“No Time to Die” producer and Eon Productions co-head Michael G. Wilson wants Bond fans to know that Phoebe Waller-Bridge’s contributions to the upcoming new 007 tentpole go far beyond just the women characters in the film. Asked by BBC Radio 4 (via Deadline) about the “Fleabag” Emmy winner joining “No Time to Die” to punch up the script, Wilson said Waller-Bridge had “a major contribution” to the final movie.
“She gave us an interesting point-of-view for several of the characters,” Wilson said. “It’s unfair to think of her as a female writer…she contributed to the whole plot of the film.”
“[I was asked to do] dialogue polishes and to offer things really,” Waller-Bridge said last year about her involvement with Bond. “It’s about just offering different alternatives. They did give me some scenes and then be like, can you write some alternatives for this or have another idea about where it could go in the middle or how it would end. And then I would just give them options and various scenes and then they would take what they want. But there was a lot people writing — the director [Cary Fukunaga] was a writer on it as well. And there’d been a few writers before.”
Bond himself, Daniel Craig, has been protective over Waller-Bridge’s involvement with the Bond franchise. Waller-Bridge was hired to punch up the script written by director Cary Fukunaga and screenwriter Scott Z. Burns (which itself was an expansion of an early draft written by Bond veterans Neal Purvis and Robert Wade), but anyone assuming Waller-Bridge was brought on board simply to make the franchise a more inclusive place in front of and behind the camera is mistaken. The question was posed to Craig in an interview with The Sunday Times back in 2019, prompting a furious response from the actor.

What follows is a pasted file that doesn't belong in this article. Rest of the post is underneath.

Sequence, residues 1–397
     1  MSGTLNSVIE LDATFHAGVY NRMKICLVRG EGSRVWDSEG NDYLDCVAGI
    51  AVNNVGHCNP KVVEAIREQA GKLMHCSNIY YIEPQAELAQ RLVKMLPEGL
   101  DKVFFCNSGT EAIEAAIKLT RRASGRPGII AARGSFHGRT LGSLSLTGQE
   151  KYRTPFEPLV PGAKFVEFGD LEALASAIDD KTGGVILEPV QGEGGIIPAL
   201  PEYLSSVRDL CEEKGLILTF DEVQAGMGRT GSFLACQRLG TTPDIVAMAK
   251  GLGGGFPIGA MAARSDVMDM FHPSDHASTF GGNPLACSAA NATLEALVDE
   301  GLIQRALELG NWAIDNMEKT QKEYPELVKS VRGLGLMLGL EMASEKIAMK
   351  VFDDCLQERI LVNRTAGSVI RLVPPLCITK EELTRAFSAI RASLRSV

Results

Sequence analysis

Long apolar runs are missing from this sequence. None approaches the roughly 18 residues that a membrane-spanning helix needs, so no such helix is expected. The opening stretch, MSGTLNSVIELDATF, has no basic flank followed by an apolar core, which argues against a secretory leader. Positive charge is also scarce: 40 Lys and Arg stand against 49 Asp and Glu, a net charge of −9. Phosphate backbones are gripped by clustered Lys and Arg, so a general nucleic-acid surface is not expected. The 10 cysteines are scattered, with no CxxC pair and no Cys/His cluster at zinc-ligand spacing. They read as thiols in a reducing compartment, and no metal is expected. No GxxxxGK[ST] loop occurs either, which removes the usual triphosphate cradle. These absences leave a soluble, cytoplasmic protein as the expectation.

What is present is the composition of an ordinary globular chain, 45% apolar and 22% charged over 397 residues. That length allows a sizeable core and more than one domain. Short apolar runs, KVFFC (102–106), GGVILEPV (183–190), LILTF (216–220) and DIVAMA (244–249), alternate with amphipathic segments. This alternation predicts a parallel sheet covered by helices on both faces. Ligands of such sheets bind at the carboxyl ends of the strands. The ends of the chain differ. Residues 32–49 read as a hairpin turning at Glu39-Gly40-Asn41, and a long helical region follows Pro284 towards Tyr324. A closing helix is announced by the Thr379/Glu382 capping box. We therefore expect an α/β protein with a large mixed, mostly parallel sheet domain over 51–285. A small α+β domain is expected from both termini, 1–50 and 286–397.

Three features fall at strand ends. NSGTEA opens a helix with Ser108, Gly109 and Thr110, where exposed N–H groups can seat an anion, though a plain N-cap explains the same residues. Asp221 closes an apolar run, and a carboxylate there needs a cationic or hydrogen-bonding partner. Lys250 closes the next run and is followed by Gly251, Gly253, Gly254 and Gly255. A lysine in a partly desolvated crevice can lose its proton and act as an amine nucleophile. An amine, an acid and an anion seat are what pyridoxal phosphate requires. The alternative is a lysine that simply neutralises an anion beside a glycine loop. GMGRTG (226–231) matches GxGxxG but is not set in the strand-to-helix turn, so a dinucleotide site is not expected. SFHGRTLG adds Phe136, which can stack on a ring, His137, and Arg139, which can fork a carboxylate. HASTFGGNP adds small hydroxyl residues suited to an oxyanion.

“Look, we’re having a conversation about Phoebe’s gender here, which is fucking ridiculous,” Craig said. “She’s a great writer. Why shouldn’t we get Phoebe onto Bond?”
Craig pushed back as the reporter asked whether Waller-Bridge’s hire was made to drag Bond into a more representative era. “I know where you’re going, but I don’t actually want to have that conversation,” the actor said. “I know what you’re trying to do, but it’s wrong. It’s absolutely wrong. She’s a fucking great writer. One of the best English writers around. I said, ‘Can we get her on the film?’ That’s where I came from.”
“No Time to Die” opens in the U.S. on October 8.
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